Buying and Selling by Smartphone: Mercari App Shakes Up Japan’s Consumer Spending

Nishida Munechika [Profile]

[2017.11.09] Read in: 日本語 |

Peer-to-peer marketplace app Mercari has enjoyed a meteoric rise since its 2013 launch, reaching a total of 75 million downloads. The company’s valuation has soared to over $1 billion to make it a rare Japanese “unicorn.” The app’s ease of use has been a factor in its success, but has also led to problems with low-quality or shady transactions.

Selling for Anyone

Mercari is a rapidly expanding presence in the Japanese consumer landscape. Four years after its launch in February 2013, this peer-to-peer app for buying and selling goods by smartphone has topped 50 million downloads in Japan and 25 million overseas, and monthly sales on the platform have climbed over ¥10 billion. Why has Mercari grown so quickly? Is it large enough to influence the Japanese distribution industry as a whole? And is its growth really welcome?

Consumer-to-consumer marketplace and auction sites emerged in the same period as business-to-consumer online shopping did. Before the advent of the Internet, individuals generally sold unwanted items at used goods stores and pawnshops. Although these outlets were generally reliable, there was a limit to what one could sell, and brokers pocketed a considerable cut.

It was inevitable that services would seek to link sellers directly with buyers. The US pioneer eBay was launched in 1995, and its competitor, Yahoo Auctions, started a Japanese site in 1999 that remains popular to this day. In a matter of a few years, these became mainstream platforms for individuals buying and selling items. Initially the sites connected members of the public, but they later added the option to buy from dealers and companies, developing into a significant section of the consumer market.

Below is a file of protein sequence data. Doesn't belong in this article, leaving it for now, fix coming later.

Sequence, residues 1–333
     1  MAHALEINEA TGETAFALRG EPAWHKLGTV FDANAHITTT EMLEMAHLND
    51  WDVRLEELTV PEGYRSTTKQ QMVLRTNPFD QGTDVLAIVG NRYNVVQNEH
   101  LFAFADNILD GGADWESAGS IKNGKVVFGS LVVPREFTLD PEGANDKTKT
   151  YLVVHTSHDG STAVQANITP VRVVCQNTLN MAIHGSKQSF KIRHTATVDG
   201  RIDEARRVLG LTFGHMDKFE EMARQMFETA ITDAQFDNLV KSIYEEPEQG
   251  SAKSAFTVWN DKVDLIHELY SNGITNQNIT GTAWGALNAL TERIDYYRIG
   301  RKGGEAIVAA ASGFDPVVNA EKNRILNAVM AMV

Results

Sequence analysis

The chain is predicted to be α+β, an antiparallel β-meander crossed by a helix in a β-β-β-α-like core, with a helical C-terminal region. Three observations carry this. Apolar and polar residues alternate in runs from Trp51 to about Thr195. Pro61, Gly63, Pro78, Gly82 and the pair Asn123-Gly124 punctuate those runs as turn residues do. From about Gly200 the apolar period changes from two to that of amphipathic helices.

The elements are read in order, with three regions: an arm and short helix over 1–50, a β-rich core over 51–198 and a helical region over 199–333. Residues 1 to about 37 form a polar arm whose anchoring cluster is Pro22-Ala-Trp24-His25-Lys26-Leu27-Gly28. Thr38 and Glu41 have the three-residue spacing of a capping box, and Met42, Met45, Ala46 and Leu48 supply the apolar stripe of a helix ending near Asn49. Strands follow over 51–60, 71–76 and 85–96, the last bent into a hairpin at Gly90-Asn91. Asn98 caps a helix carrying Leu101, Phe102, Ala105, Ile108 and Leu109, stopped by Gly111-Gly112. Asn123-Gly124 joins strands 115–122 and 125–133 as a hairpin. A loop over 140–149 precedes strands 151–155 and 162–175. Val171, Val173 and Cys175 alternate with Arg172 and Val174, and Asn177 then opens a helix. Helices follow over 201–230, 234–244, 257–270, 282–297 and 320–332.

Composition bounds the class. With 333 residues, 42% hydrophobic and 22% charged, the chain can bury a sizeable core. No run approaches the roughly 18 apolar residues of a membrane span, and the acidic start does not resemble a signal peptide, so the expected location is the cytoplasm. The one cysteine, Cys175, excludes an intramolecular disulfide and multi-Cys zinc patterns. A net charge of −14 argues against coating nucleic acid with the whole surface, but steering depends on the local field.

So what sets Mercari apart from its rivals? Its fee-based business model is essentially the same as standard auction sites. When a sale is complete, 10% of the price goes to Mercari. The big difference is that transactions can be completed entirely by smartphone, meaning that there is a very low barrier to entry. This has been a prominent aspect of the company’s marketing from the start.

Putting an item up for sale on traditional auction sites is surprisingly troublesome. One major obstacle is the need for a computer rather than a mobile device. For best results, users need to take attractive photos and create well-organized pages to impress potential buyers. But not everyone is able to do this. The similarity to corporate shopping sites is off-putting for sellers lacking in skills or confidence.

In Japan, especially, the need for a computer is a sticking point. There are many people—particularly women and younger users—who only own a mobile phone.

Allowing users to buy and sell by smartphone has been key to Mercari’s success. They can take a quick snapshot, fill in a brief description on the app, and immediately begin the selling process. It takes just a few minutes. Buyers need only tap a button to make their purchase. Mercari handles payment and can also assist with shipping.

There is no requirement for identification when listing items for sale. Although the platform recommends that minors get permission from their parents or guardians, there is no age limit. The basis of Mercari’s business model really is to allow anyone as a seller.

The ease of placing items in the market has led to a rapid rise in the number of offerings. This in turn has attracted a burgeoning user base, making it easier to find purchasers for the items on sale. This virtuous cycle has made Mercari a bustling marketplace that hosts hundreds of thousands of transactions every day, meaning booming business for the operating company.

A Major Threat to Existing Players